The cast list oozes star power, and gets performances to match. Ford is a master at roles calling for underplayed intensity, and that's what he gives Jubal Troop. Keeping the characters cards close to his chest in the beginning, Ford pitches it perfect as the emotionally bottled up drifter. Borgnine, a year after his Oscar win for Marty, is perfect foil to Ford's calmness, he's in turn big and boisterous, often crude, yet under the bluster is a sweet and honest man. And there in the middle of the three men is Steiger, bringing the method. Pinky is brooding, devious and one pulse beat away from being psychotic, but Steiger, with a menacing drawl flowing out of his mouth, is creepily mannered. Steiger and Daves clashed other how to play Pinky, the director wanting something more akin to Ford's serene like role play, but Steiger wanted it played bitter and coiled spring like; the actor getting his way when producer William Fadiman sided with him.

Valerie French (Decision at Sundown) looks beautiful in Technicolor, and in spite of an accent problem, does a neat line in how to play a smoldering fuse in a box of fire crackers. Felicia Farr (The Last Wagon) is the polar opposite, religiously comely and virginal, she's a touch underused but the play off with French impacts well in the story. Key support goes to Charles Bronson (The Magnificent Seven) as loyal friend to Jubal, Reb. Played with laid back machismo, it's something of what would become the trademark Bronson performance. Other notables in the support cast are the always value for money Noah Beery Jr. (Wagons West), John Dierkes (The Hanging Tree) and Jack Elam (The Man From Laramie).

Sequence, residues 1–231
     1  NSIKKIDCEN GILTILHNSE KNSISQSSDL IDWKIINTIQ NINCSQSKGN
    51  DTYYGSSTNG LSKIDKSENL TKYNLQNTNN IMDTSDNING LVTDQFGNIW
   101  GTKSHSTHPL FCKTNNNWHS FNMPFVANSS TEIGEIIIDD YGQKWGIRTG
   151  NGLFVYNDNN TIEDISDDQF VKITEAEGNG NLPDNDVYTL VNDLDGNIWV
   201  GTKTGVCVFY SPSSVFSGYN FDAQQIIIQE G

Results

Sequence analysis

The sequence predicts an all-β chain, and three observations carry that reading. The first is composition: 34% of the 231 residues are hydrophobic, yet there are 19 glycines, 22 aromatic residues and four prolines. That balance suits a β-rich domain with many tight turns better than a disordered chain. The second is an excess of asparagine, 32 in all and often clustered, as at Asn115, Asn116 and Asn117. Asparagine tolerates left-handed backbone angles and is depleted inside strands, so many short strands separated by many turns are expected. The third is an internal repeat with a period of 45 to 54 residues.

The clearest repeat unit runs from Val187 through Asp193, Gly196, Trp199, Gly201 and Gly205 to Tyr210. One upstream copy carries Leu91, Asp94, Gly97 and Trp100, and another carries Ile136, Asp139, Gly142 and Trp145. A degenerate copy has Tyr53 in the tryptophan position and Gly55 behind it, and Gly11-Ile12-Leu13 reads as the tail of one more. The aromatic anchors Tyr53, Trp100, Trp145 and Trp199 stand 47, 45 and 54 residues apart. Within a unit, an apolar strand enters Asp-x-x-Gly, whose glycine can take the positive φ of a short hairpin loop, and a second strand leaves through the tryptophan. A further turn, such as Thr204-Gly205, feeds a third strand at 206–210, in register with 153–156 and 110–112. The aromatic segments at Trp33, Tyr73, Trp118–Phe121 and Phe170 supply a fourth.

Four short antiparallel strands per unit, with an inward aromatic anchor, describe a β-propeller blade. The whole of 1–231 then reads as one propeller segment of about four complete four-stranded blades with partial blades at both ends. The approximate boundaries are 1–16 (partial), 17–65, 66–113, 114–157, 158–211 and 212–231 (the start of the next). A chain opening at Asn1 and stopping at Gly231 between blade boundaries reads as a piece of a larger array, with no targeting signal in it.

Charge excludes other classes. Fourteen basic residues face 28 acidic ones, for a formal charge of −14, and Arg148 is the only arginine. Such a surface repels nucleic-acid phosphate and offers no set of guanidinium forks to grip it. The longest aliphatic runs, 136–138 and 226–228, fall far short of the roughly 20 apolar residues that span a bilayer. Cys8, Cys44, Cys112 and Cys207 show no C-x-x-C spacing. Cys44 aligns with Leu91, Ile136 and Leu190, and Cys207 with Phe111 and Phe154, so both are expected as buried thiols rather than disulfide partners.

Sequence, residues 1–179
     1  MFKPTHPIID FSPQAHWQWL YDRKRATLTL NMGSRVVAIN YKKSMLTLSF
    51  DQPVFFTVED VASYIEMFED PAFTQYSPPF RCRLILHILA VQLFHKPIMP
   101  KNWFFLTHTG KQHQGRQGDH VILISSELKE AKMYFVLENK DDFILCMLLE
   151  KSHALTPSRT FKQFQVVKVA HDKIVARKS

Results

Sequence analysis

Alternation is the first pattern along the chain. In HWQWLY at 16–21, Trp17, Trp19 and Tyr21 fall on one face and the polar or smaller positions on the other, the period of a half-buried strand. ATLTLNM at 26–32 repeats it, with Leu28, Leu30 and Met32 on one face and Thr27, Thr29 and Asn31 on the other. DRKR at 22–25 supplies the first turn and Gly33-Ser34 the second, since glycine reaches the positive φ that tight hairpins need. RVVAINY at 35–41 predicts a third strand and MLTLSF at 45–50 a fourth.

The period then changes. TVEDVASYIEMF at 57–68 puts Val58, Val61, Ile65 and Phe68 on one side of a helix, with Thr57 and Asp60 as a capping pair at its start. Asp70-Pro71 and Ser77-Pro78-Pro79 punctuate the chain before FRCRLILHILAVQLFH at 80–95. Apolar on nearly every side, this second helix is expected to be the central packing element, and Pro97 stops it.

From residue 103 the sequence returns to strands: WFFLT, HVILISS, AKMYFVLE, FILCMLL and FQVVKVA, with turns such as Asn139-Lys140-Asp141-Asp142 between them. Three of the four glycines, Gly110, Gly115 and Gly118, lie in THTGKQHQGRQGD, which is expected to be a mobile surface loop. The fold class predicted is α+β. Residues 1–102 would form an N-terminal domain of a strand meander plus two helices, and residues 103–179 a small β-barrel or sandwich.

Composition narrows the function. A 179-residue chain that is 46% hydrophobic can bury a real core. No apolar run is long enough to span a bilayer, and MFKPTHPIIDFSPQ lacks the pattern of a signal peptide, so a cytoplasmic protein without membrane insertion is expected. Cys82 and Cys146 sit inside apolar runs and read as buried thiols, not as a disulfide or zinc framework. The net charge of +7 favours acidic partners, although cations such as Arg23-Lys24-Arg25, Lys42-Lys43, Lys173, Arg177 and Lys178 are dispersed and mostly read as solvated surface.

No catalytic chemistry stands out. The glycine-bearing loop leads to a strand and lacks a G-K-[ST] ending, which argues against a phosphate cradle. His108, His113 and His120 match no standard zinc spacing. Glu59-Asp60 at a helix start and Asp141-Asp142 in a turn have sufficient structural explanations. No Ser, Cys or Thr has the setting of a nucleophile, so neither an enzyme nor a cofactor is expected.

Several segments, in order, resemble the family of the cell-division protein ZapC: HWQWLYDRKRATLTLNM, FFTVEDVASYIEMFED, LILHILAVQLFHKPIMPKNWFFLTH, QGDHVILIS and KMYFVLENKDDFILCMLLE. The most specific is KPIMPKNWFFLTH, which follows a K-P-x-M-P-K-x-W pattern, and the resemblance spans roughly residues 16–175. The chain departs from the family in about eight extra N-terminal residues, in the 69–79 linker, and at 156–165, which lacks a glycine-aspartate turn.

Damn fine film that's worthy of being sought out by those interested in the best of the 50s slew of Adult Westerns. 8.5/10

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Moorman
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« Reply #16 on: November 28, 2017, 01:38:15 PM »

This film has a underground following.  Criterion even has a release of it. I might just check this out...

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cigar joe
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« Reply #17 on: November 28, 2017, 02:02:14 PM »

This film has a underground following.  Criterion even has a release of it. I might just check this out...

Rent it first, it's not a must have. In my opinion anyway.

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« Reply #18 on: November 28, 2017, 03:17:53 PM »

Rent it first, it's not a must have. In my opinion anyway.

lol. I found that out when i purchased the original " The Man Who Knew Too Much " Criterion edition.  Its not a bad movie, but after watching the remake, it wasn't as good as i wanted it to be.  Criterion does a fantastic job of selecting movies that fit its criteria, so there is always something about the movies they release that stand out...